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ISPs offering slower speeds; access

Sun, 08/18/2002 - 8:00pm
Bruce Myerson

Copyright 2002 / Los Angeles Times

Los Angeles Times…08/19/2002

From LexisNexis

High-speed Internet connections may be getting cheaper, but only if you'll settle for a slower version of fast.

Hoping to attract Internet users who won't pay the $50 or so a month for a typical broadband connection, some providers are moving away from a one-speed-fits-all approach and introducing a slower, lower-priced level of service.

Covad Communications Group Inc., one of the high-profile failures of the dot-com collapse, is taking another aggressive stab at the powerful telephone and cable TV monopolies that dominate broadband.

Rejuvenated by a stint in bankruptcy, the company recently launched a digital subscriber line, or DSL, service priced at $ 39.95 a month with an introductory rate of $21.95 for the first four months.

And Charter Communications Inc., the nation's fourth-largest cable TV company, has been offering broadband for $30 or $35 a month on most of its systems in 40 states for at least a year.

The catch?

With download speeds of 200 to 250 kilobits per second, these "broadband lite" services are several times faster than a dial-up telephone connection but perhaps only a third as fast as a typical cable or DSL connection.

"It's a little bit slower but a heck of a lot faster than dial-up and well worth the money," said Steve Martin, a longtime America Online customer who recently switched to Covad at his home in San Jose.

The speed probably won't satisfy those looking to download music or set up a Web site.

But Martin, a procurement officer for a technology company, considers his Covad connection speed more than sufficient for checking e-mail, downloading photographs and making travel arrangements.

"The killer application on the Internet is still e-mail, and as long as that's the case, 200k (kilobits per second) is fine," said Mark Kersey, an analyst for ARS Research.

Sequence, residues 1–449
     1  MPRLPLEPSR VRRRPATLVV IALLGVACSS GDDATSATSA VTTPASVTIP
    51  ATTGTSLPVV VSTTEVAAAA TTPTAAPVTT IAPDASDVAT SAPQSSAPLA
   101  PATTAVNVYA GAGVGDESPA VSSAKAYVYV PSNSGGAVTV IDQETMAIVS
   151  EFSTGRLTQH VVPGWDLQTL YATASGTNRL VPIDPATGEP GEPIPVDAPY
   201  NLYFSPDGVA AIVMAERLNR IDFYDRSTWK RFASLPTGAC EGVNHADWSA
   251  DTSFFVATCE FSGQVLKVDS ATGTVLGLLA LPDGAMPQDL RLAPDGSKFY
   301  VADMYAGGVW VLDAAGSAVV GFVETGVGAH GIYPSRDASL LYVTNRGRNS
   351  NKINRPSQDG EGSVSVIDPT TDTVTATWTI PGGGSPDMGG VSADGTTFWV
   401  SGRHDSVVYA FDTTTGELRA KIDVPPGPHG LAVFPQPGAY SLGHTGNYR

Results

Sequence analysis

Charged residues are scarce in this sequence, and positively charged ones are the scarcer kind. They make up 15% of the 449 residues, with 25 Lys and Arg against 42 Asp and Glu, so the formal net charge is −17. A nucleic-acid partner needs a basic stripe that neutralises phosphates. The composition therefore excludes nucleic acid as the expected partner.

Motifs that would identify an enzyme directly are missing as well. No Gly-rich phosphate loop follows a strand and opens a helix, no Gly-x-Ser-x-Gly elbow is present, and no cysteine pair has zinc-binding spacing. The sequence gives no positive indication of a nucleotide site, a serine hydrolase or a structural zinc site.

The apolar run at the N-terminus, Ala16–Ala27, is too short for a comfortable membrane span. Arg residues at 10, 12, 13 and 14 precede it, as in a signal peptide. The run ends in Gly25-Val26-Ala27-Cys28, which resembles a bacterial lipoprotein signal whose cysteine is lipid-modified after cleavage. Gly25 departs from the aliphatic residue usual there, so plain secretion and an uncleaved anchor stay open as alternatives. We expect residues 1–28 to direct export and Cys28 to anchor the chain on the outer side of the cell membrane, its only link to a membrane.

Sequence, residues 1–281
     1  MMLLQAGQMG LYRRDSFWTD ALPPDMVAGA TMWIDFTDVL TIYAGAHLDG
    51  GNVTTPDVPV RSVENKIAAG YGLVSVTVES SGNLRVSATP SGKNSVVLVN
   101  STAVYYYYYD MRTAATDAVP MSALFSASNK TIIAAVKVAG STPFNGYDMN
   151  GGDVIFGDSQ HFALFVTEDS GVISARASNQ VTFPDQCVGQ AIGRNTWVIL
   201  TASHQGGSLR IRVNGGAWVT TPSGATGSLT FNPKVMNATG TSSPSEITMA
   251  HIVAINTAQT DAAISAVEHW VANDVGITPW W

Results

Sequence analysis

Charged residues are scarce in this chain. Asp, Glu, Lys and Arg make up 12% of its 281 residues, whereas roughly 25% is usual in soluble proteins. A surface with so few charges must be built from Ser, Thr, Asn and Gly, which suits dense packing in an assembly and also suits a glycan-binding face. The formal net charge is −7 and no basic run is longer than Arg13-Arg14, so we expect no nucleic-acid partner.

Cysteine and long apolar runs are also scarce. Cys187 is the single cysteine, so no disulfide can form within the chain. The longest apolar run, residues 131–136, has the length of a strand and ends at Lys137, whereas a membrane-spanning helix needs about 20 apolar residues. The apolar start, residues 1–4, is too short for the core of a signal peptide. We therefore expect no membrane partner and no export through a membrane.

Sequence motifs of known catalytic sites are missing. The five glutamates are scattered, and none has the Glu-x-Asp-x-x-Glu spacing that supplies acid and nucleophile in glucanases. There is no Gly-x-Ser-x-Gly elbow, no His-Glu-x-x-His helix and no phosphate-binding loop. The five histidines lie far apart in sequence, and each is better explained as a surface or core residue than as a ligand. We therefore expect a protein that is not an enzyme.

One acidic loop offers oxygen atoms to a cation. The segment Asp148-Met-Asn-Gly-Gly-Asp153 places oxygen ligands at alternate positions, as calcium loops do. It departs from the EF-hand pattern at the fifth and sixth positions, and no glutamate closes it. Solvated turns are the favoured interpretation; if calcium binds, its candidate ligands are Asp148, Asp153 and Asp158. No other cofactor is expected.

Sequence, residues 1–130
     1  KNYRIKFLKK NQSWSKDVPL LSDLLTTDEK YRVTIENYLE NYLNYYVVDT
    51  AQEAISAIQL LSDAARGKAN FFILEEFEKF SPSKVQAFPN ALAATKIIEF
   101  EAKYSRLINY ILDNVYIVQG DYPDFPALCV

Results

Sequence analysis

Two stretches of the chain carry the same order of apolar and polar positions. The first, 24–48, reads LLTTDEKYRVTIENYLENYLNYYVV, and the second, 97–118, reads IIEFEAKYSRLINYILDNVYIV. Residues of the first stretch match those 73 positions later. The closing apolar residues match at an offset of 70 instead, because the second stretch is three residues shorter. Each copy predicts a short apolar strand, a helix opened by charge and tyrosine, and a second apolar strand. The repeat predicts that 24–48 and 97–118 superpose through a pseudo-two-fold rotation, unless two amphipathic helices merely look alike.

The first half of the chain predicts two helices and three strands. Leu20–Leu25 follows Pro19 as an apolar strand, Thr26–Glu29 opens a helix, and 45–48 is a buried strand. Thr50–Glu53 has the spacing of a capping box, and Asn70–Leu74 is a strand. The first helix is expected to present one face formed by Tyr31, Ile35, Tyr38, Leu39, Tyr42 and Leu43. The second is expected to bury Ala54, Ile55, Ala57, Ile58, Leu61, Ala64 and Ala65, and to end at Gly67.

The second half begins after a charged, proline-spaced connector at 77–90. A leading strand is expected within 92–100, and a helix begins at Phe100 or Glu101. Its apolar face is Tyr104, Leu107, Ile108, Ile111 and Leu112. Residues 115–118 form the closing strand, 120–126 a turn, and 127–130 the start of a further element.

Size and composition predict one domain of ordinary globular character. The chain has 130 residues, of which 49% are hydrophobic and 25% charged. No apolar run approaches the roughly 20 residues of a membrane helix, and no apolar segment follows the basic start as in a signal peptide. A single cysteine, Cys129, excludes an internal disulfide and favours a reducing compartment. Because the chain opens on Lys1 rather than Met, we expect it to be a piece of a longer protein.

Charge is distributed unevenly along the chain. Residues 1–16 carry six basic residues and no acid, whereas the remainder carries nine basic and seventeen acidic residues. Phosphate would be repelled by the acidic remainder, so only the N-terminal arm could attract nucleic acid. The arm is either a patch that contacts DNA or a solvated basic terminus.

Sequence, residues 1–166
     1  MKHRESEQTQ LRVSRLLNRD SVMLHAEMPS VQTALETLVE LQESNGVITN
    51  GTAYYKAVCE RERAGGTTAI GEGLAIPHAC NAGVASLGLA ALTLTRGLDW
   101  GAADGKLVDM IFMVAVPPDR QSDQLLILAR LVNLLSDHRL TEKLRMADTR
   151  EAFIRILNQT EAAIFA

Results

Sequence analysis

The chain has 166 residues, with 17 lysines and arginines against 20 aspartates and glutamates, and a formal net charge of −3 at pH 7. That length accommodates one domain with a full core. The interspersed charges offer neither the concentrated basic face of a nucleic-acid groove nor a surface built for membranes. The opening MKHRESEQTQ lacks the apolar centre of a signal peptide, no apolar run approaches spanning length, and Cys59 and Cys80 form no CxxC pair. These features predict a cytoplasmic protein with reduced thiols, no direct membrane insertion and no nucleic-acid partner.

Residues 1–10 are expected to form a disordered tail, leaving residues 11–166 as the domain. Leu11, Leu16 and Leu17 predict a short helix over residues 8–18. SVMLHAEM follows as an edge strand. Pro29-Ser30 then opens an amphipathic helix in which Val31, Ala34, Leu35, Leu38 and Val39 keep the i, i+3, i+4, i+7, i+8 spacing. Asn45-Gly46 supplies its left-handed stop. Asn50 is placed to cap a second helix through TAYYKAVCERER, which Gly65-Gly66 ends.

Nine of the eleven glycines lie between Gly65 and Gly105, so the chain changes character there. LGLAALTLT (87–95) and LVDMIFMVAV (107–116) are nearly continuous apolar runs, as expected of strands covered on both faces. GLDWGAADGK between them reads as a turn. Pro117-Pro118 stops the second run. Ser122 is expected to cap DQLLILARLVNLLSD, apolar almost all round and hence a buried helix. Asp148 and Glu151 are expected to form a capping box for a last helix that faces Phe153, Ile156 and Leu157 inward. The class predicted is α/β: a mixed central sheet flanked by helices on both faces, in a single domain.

It's unclear whether tiered broadband will help reverse the price increases that cable and phone companies put in place as the dot-com meltdown wiped out competition from feisty rivals.

At the end of June, the average monthly charge for cable broadband was $45.31, up from $37.05 at the end of 2000, according to the latest market survey by ARS Research. DSL prices averaged $51.36 at midyear, up from $48.84 at the close of 2000, ARS reported.

Tiered pricing isn't new to broadband. For years, customers willing to pay more than $50 a month have been able to get speedier connects.

But now, possibly because of the renewed competition, the big players also are toying with a tiered approach at the lower end.

AT&T Broadband, which two weeks ago launched a faster tier of cable Internet service for $80 a month, also plans market trials with a lower-speed version this year.

Most of the companies dabbling with a lower-priced version of broadband are hoping to get dial-up users hooked on speed, confident that even the most price-conscious subscribers will quickly recognize what they were missing without an "always-on" connection.

"It's addictive. They can never go back to dial-up," said Charles Golvin, an industry analyst at Forrester Research.

Because the profit margins on entry-level offerings are less than robust, there are questions about whether such business models are any more viable than they were during the dot-com boom.

Covad believes that its model can work now that regulatory changes allow it to provide DSL over a customer's existing phone line rather than a separately installed line.

Ideally, for players both big and small, any entry-level tier of service will serve as a steppingstone to higher-revenue plans.

Once people convert to broadband, getting them to pay $10 more for faster service is easier than getting them to initially switch from dial-up, Golvin and Kersey said.

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